Calculus of Variations and Geometric Measure Theory
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G. Sundaramoorthi - A. C. G. Mennucci - S. Soatto - A. Yezzi

A New Geometric Metric in the Space of Curves, and Applications to Tracking Deforming Objects by Prediction and Filtering

created by mennucci on 11 Jan 2010
modified by paolini on 07 Dec 2012

[BibTeX]

Published Paper

Inserted: 11 jan 2010
Last Updated: 7 dec 2012

Journal: SIAM Journal on Imaging Sciences
Volume: 4
Number: 1
Year: 2011
Doi: 10.1137/090781139

Abstract:

We define a novel metric on the space of closed planar curves which decomposes into three intuitive components. According to this metric centroid translations, scale changes and defor- mations are orthogonal, and the metric is also invariant with respect to reparameterizations of the curve. While earlier related Sobolev metrics for curves exhibit some general similarities to the novel metric proposed in this work, they lacked this important three-way orthogonal decomposition which has particular relevance for tracking in computer vision. Another positive property of this new metric is that the Riemannian structure that is induced on the space of curves is a smooth Riemannian manifold, which is isometric to a classical well-known manifold. As a consequence, geodesics and gradients of energies defined on the space can be computed using fast closed-form formulas, and this has obvious benefits in numerical applications. The obtained Riemannian manifold of curves is ideal to address complex problems in com- puter vision; one such example is the tracking of highly deforming objects. Previous works have assumed that the object deformation is smooth, which is realistic for the tracking problem, but most have restricted the deformation to belong to a finite-dimensional group – such as affine motions – or to finitely-parameterized models. This is too restrictive for highly deforming ob- jects such as the contour of a beating heart. We adopt the smoothness assumption implicit in previous work, but we lift the restriction to finite-dimensional motionsdeformations. We define a dynamical model in this Riemannian manifold of curves, and use it to perform filtering and prediction to infer and extrapolate not just the pose (a finitely parameterized quantity) of an object, but its deformation (an infinite-dimensional quantity) as well. We illustrate these ideas using a simple first-order dynamical model, and show that it can be effective even on image sequences where existing methods fail.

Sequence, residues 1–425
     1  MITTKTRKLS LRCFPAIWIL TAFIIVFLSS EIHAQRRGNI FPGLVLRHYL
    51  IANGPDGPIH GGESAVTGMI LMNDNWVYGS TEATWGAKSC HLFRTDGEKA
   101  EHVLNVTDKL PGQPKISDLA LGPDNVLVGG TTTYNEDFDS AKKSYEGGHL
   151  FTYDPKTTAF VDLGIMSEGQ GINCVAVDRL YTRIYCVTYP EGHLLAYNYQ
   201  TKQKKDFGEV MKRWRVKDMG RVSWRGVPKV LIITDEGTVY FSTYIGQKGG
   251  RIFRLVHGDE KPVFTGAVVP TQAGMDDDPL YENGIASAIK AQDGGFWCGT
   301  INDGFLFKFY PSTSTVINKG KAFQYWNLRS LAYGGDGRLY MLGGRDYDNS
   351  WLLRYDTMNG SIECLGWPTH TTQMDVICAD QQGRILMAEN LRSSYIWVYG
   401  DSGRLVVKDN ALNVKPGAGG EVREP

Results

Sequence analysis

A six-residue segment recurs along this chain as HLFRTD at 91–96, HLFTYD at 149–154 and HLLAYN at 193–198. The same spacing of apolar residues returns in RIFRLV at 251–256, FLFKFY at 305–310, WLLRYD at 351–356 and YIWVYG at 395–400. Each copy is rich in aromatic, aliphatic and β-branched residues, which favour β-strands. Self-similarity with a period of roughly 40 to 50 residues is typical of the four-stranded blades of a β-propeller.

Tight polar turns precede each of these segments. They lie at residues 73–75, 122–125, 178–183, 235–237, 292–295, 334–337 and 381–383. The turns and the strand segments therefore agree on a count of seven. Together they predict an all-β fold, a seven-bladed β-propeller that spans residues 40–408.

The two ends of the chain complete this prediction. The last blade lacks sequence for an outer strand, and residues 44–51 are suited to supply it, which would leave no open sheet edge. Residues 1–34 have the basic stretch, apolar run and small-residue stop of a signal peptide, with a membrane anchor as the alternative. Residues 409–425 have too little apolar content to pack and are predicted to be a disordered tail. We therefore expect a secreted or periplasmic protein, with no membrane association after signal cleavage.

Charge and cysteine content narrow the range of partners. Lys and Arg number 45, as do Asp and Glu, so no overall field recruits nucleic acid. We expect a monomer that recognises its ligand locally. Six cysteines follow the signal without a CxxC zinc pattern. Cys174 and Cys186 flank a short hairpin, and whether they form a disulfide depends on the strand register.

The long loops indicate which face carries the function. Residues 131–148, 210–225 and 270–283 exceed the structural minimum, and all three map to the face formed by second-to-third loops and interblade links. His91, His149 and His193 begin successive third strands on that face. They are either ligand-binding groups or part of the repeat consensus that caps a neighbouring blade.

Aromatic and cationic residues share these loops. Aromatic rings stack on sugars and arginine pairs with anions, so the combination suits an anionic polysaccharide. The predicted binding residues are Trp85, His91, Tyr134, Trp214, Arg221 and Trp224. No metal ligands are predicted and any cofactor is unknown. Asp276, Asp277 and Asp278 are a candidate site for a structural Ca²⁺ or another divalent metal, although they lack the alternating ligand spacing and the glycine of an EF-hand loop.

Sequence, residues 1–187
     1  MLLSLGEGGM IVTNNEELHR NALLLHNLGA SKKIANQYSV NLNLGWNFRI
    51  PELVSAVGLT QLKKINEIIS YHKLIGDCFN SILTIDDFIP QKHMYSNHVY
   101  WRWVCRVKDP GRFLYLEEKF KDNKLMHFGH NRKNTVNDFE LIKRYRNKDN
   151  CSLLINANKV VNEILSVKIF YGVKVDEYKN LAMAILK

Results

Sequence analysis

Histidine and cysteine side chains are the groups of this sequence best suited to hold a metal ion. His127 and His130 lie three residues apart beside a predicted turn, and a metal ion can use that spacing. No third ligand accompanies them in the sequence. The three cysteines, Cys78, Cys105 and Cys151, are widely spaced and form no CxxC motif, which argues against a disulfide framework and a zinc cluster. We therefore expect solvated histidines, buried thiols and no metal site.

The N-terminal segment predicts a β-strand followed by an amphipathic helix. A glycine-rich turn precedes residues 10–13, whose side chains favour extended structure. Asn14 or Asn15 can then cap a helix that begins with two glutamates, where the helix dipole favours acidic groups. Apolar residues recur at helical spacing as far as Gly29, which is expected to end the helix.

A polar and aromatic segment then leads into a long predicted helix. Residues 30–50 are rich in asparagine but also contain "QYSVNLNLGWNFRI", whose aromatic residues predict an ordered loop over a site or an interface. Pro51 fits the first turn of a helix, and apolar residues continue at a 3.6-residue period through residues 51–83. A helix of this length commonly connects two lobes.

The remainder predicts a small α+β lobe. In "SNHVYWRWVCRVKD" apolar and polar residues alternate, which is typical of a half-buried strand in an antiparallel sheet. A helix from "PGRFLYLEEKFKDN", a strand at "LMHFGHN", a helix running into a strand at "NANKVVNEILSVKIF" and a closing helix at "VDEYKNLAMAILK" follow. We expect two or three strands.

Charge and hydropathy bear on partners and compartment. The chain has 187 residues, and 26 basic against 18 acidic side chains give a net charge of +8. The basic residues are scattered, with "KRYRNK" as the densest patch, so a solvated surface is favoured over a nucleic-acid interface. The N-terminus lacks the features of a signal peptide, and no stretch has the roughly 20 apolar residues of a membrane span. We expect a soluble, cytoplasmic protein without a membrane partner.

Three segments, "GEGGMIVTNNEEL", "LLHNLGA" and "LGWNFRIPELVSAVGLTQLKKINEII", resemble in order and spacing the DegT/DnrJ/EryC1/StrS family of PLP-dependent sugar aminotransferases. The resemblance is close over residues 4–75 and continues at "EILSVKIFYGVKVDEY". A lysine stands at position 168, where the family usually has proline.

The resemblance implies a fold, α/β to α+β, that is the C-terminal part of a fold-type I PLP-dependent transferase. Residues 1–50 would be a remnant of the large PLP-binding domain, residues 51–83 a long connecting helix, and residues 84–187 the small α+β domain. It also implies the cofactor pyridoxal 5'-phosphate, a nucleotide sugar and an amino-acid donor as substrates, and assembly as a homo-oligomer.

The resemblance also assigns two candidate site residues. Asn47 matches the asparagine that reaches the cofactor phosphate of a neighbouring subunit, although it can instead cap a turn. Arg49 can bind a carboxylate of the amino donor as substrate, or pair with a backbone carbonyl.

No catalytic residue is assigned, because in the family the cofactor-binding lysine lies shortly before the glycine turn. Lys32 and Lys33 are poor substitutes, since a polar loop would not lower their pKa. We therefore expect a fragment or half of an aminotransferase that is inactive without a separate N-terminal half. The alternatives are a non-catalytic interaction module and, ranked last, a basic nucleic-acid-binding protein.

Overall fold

Keywords: space of curves, sobolev active contours


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